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Truth In Ice: Line Change 1

7th in a multi-part series on skiing/snowboarding on hard snow.

The endless, arc-to arc-to-arc razor line is The Goal for many riders. This is all well and good until your sidewalk ends. Could be you misjudged your line. Could be there’s an elk crossing the trail in your intended path.

Whatever the surprise, you need to change course without covering a lot of ground.


The intuitive thing to do is hit the brakes; throwing it sideways with a classic speed check and hoping for the best. There’s usually not much to dig into on really hard snow, so that’s pinning a lot on hope.

The non-intuitive thing to do is to remain ‘throttle on’ and power out of the situation. This requires either an extremely rapid, accurate and compact arc change with minimal grip disruption, or the use of an effective skid variant. The former conserves and channels energy. The latter alters the line of travel and generates enough friction to slow down without impairing handling, or dumping all of the useful energy from the system.

Both of these options avoid the bracing posture of the braking speed check. Braced legs tie the upper body mass to the working edge, which tends to jar loose the edge from the surface. Supple legs, by comparison, allow the edge to track better over ice.

Given their design, boards generally engage the snow better when they are doing more gliding and less skidding. A ski or snowboard skids when movement on the long axis becomes movement on the short axis.

Skid is commonly understood as pivoting a ‘flat’ snowboard or ski at low speed in the novice/intermediate context, often as the steering or braking method of expediency. This maneuver is surface dependent, incorporates several discrete sequential actions, and generates a quantity of rotational inertia which has to be absorbed somehow.

The sequence:

  • Briefly anchor an edge (momentary edge set).
  • Use that anchor as a base from which to swing upper body mass in the direction the platform should point.
  • Release the edge/anchor to rotate the platform. The rotation is driven by upper body momentum translated to the lower extremities.
  • When the platform is pointing in the right direction, resolve to cancel resultant rotational inertia by establishing a secondary anchorage. This can consume significant area, more so at higher speeds on harder surfaces.
  • Alternately, decisively weight the front foot and then kick the rear foot sideways.

>The classic speed check makes use of mass/ momentum as the initial anchorage.

It should be apparent that this kind of skid, while useful, is not particularly effective beyond moderate speed.

Or when the snow is extremely slick.

It may work ok as a one-shot attempt to stop, or dump speed in the fall-line, but not so much if the intent is to ride smoothly away from the scene.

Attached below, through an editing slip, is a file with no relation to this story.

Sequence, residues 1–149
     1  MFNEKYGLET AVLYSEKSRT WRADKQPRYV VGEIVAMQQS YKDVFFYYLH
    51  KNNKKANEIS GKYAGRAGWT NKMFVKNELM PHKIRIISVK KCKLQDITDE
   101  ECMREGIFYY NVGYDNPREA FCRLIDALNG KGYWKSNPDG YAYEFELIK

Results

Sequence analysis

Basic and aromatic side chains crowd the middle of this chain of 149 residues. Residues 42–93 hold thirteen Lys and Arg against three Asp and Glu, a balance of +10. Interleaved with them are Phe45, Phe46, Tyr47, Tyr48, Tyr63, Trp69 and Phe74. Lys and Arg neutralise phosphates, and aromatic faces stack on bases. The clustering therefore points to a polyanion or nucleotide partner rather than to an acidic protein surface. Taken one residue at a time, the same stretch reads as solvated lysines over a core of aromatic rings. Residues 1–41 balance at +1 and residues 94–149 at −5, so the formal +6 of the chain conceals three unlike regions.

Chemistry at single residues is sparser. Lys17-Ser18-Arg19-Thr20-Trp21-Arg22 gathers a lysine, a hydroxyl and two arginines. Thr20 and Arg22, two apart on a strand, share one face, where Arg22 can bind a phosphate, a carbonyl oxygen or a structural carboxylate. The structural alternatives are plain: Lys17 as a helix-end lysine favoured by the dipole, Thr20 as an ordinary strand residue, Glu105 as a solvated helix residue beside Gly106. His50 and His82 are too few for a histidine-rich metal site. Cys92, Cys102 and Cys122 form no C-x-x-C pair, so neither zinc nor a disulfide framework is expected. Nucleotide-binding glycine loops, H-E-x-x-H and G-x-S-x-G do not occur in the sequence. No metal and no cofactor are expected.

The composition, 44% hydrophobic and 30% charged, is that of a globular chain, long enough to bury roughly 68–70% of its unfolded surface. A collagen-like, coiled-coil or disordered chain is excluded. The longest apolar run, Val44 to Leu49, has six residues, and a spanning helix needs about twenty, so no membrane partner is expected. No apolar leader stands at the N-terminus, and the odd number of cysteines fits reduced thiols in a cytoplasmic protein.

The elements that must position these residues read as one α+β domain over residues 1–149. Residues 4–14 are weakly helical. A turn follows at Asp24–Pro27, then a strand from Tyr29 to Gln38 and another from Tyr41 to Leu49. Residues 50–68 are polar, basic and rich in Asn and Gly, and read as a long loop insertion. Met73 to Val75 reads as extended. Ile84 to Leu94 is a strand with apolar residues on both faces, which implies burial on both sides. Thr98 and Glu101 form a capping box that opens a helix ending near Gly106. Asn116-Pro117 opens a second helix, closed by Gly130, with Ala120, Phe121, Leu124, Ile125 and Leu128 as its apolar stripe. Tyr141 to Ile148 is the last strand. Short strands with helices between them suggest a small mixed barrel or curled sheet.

Small wonder then, that ‘skidding’ is considered anathema to good riding.

However, a deft skid under active propulsion is a most useful tool for direction change, regardless of platform. Finding stability in ‘unstable’ situations, being effective with less than ideal footing, is essential to achieving higher performance in many contexts.

One of the easier examples to view and grasp is how cars are piloted on the WRC rally circuit, where the drivers power skid and drift constantly through the corners on dirt, snow, ice, and pavement. That’s a state of normal that would terrify the average commuter.

Given the significant edge angle between the board and the surface during a typical carved turn, the idea of skidding with dexterity might seem unrealistic. However, the mechanics involved in skidding at higher edge angles are significantly different (and less complex) than those used to skid when the board is nearly flat to the snow.

A carved turn requires reasonably consistent platform bend. In other words, for the trailing end of the board to follow the path inscribed by the leading end, the trailing end needs to receive edge and pressure inputs similar to what the leading end receives.

At higher edge angles, different edge angle engagement from tip to tail will usually result in some form of speed wobble, but the tail will still follow the tip.

If the tail end of the board is not seeing enough pressure, if it’s not flexed enough to follow the path established by the leading end of the board, that part of the platform has no choice but to ‘leave the arc’. The back end of the board will then gradually swings off on a tangent, generating friction as the edge moves sideways to the original direction of travel. Meanwhile, the board begins a slow pivot around the locus of grip, as that locus traces a drifted arc across the snow.

Therefore, at higher edge angles, net pressure distribution is the input most likely to affect turn quality. Manipulation of net pressure can ensure that the board maintains grip by moving forward more than it moves sideways.

If a skid at high edge angle can be generated simply by relocating significant bend from the middle of the board to the front, it follows that the disrupted arc can be restored by moving the bend rearward again, so long as there is enough momentum left in the system. Movement from rear foot to front foot, front foot to rear foot is mass moving along the arc, and does not generate rotational inertia. The amount of friction generated can be closely controlled by modulating pressure from foot to foot, and it’s possible to generate that friction without fully dissipating all of the energy stored in the board. Residual energy can then be used in place of muscle to manipulate the platform, to regain the arc through rebound.

Next: Truth In Ice: Line Change 2.

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